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Mill's Progressive Principles
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Table of Contents

TABLE OF CONTENTS Preface A Note on Mill's Texts 1: Mill's Radical Background 2: Varieties of Motivation 3: Perfectionism about Happiness and Higher Pleasures 4: Ambivalence about Duty 5: The Justification of Utilitarianism 6: Liberal Preliminaries 7: Freedom of Expression in a Liberal Context 8: Liberal Principles Refined 9: Liberalism, Utilitarianism, and Rights 10: Liberal Democracy 11: Sexual Equality Epilogue Bibliography Index

About the Author

David O. Brink is Professor of Philosophy at the University of California, San Diego and a Director of the Institute for Law and Philosophy at the University of San Diego School of Law. His research interests are in ethical theory, history of ethics, and jurisprudence. He is the author of Moral Realism and the Foundations of Ethics (CUP, 1989) and Perfectionism and the Common Good: Themes in the Philosophy of T.H. Green (OUP, 2003).

Reviews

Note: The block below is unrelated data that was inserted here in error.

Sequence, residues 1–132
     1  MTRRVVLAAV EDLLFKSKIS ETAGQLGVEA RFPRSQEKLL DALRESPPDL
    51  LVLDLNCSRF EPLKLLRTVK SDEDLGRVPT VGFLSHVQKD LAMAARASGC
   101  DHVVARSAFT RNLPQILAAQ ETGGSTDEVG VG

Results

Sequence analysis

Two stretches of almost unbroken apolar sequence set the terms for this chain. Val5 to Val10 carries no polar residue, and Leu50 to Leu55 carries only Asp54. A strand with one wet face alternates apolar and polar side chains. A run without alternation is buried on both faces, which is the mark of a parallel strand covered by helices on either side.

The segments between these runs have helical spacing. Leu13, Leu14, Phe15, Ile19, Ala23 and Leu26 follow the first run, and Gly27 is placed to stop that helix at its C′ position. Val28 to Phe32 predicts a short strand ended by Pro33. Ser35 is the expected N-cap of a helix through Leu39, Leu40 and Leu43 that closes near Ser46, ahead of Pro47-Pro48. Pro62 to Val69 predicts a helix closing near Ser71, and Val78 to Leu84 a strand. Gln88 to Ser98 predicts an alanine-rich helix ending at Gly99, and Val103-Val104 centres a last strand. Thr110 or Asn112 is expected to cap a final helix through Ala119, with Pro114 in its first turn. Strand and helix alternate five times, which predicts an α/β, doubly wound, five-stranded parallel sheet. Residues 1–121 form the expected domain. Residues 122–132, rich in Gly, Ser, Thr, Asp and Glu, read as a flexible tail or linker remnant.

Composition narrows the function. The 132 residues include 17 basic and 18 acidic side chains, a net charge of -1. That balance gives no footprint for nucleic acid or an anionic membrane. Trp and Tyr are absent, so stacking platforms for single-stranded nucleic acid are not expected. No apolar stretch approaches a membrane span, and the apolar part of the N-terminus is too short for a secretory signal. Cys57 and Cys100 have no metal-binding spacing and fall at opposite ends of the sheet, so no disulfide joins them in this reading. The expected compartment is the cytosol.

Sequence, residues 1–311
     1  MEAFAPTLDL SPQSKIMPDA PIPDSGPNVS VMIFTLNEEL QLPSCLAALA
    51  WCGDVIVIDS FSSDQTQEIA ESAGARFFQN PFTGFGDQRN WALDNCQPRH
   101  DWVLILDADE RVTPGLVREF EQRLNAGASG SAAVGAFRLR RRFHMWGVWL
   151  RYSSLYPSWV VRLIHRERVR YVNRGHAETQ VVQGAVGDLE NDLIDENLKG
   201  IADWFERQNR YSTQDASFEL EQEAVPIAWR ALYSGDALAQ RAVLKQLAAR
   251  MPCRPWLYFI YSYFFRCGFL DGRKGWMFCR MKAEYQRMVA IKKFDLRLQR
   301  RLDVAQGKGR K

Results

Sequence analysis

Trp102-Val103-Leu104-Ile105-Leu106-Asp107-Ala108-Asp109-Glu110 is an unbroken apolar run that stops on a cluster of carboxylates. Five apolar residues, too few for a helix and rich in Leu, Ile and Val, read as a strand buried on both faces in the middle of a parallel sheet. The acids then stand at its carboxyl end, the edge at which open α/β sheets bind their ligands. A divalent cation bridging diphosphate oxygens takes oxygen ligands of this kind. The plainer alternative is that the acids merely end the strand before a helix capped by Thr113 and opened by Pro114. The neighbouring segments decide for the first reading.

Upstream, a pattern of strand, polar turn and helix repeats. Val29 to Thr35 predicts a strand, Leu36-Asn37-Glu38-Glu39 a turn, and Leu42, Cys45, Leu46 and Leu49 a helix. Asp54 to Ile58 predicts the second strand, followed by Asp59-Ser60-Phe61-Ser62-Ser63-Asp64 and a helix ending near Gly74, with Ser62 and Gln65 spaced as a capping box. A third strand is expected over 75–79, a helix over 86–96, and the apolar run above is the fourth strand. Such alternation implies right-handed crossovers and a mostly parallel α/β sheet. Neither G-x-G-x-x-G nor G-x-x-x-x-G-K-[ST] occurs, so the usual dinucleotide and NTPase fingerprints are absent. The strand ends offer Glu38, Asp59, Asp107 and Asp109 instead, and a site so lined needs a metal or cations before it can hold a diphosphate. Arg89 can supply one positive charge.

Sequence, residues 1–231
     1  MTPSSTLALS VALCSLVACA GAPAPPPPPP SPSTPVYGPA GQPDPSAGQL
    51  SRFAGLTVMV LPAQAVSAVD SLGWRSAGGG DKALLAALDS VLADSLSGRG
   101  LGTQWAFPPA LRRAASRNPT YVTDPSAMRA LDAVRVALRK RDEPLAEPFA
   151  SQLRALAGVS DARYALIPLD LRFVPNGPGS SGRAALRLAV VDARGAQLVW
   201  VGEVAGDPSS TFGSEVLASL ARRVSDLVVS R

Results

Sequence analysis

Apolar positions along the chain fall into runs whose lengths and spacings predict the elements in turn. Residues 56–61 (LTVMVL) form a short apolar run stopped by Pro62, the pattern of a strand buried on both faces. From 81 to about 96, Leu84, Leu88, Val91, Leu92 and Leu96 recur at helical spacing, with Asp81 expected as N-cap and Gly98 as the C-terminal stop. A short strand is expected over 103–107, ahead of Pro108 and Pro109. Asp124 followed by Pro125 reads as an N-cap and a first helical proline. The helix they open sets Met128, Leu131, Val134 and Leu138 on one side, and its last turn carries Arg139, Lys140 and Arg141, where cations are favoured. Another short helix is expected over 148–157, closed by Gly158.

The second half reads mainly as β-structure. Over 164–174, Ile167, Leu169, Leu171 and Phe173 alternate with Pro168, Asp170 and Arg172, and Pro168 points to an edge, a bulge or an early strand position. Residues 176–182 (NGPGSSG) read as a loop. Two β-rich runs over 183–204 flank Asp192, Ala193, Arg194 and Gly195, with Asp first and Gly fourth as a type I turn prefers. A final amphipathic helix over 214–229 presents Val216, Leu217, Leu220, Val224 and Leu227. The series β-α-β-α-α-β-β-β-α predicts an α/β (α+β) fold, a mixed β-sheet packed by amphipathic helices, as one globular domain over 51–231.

`Brink's book raises all the important issues in Mill's moral and political theory, but, as always, the complexities of Millas thought defy a final settlement. The book is an outstanding contribution not only to Mill scholarship, but also to moral and political philosophy more generally.' C.L. Ten, Mind `This book deserves study by all Mill scholars, whether traditionalist or revisionist, and anyone interested in the tension between liberalism and utilitarianism among the nineteenth-century Philosophical Radicals culminating in Millas thought.' Daniel Jacobson, Ethics `This is a very substantial study of Mill's moral and political philosophy: the most important comprehensive study since Fred Berger's landmark book of 1984 . . . [Brink] proposes a deeply thought-out, unifying new reading of Mill's thought, which will attract lasting attention -- and, I expect, prove lastingly controversial. It should be read not just by anyone with an interest in Mill but more generally by anyone with an interest in the historical development of Anglophone ethical and political theory, or in the possibilities and varieties of perfectionism. . . . [Brink's] interpretation of Mill's fundamental outlook . . . is striking and new.' John Skorupski, Notre Dame Philosophical Reviews `David O. Brink's study of John Stuart Mill's moral and political philosophy, Mill's Progressive Principles, is challenging and thought-provoking on multiple levels. . . this is a work in the history of philosophy that is a significant and rewarding contribution to the continuing debate about the viability of utilitarianism.' Diane Jeske, Utilitas

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